Sculptor Augustus Saint-Gaudens sitting on the pergola of his Little Studio in Cornish, around 1905. Image from The Reminiscences of Augustus Saint-Gaudens, Volume 2 (1913).
The scene in 2019:
As explained in the previous post, this building was the primary studio of sculptor Augustus Saint-Gaudens for the last three years of his life, from its completion in 1904 until his death in 1907. It was built on the site of an earlier barn, which Saint-Gaudens had converted into a studio. The new building was similar in size to the old barn, but with a higher roof with more windows for natural light. The barn also had a pergola that Saint-Gaudens had added to the south side, and the new studio featured a similar one, as shown here in these two photos.
Augustus Saint-Gaudens had begun spending his summers here at this property in Cornish in 1885, and it became his full-time residence in 1900, after he was diagnosed with colon cancer. Hoping that the rural setting and fresh air would improve both his health and his spirits, he continued his sculpture work here at Cornish. However, his health continued to deteriorate, as shown by his gaunt appearance in the first photo around 1905. By this point, he was working on an ambitious project to redesign American coinage, having been commissioned by Theodore Roosevelt a year earlier. He was only able to finish the designs for the $20 and $10 gold coins before his death, but his $20 coin would go on to become one of the most celebrated coin designs in American history.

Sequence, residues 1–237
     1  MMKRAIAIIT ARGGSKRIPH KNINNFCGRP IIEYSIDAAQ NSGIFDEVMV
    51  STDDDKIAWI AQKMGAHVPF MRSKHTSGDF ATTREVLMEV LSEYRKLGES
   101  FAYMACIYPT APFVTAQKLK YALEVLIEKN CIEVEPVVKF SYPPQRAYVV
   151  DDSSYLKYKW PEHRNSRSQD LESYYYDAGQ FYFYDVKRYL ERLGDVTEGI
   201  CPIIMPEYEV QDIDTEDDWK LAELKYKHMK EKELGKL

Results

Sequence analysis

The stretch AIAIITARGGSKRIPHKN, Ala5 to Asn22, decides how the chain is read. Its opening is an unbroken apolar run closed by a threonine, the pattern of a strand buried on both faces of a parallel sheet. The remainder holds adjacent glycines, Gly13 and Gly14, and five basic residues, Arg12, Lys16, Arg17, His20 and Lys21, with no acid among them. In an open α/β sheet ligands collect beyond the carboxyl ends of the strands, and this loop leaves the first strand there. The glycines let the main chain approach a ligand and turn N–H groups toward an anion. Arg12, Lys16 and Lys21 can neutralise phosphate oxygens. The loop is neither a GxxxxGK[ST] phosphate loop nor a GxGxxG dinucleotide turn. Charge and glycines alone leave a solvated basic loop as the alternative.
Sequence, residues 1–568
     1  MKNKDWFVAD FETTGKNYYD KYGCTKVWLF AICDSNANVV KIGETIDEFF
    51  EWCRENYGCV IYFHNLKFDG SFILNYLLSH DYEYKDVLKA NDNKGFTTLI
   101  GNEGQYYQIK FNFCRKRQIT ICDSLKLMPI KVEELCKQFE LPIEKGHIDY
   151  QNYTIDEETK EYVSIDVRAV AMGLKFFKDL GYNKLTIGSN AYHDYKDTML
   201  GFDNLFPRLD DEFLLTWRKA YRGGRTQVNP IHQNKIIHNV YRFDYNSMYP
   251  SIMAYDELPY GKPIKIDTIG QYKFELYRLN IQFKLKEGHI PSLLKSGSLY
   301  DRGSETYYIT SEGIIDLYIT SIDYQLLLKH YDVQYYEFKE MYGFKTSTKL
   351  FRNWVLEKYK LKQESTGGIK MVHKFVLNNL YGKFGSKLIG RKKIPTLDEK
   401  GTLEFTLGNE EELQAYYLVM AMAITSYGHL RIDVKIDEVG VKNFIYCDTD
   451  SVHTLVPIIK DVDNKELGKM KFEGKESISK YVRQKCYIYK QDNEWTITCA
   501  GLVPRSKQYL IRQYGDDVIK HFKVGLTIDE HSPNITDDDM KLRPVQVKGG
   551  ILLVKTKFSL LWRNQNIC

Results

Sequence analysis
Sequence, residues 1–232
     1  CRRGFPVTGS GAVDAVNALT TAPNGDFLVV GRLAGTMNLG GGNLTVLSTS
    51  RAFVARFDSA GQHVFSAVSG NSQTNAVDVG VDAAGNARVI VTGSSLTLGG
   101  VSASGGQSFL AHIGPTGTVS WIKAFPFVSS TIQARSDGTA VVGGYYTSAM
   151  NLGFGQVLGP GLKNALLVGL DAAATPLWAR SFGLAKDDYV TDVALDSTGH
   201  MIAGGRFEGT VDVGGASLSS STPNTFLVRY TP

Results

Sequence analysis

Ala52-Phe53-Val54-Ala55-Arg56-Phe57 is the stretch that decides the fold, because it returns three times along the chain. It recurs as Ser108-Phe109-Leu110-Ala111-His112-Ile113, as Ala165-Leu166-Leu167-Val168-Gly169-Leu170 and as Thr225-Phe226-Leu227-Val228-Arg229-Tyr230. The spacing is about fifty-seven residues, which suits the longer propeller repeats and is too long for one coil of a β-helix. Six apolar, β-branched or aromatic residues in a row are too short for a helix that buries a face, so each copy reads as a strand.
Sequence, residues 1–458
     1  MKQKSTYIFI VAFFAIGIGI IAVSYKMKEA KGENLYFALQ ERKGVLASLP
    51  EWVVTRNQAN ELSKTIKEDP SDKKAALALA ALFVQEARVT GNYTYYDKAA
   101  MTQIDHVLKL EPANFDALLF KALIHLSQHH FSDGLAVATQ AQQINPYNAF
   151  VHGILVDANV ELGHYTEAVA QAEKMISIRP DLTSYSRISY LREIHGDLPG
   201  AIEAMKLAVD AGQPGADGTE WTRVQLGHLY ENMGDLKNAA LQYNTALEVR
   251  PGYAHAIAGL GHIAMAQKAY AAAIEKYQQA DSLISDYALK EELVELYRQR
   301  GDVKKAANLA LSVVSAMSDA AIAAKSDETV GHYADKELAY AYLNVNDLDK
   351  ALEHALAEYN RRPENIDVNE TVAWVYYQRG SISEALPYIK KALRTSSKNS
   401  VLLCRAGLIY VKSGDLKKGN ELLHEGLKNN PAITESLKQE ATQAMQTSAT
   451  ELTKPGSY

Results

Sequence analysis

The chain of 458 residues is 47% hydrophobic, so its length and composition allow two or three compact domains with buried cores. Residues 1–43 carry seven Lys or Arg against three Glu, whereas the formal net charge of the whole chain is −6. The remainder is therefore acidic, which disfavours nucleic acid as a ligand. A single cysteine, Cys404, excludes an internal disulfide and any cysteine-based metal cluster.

After his death in 1907, the property remained in the Saint-Gaudens family until 1921, when his widow Augusta transferred it to the Augustus Saint-Gaudens Memorial. This organization maintained the house, grounds, studio, and other outbuildings until 1965, when the National Park Service acquired the property as the Saint-Gaudens National Historical Park. Throughout this time, the studio has remained well-preserved on both the interior and exterior, with essentially no visible changes here in this view of the pergola.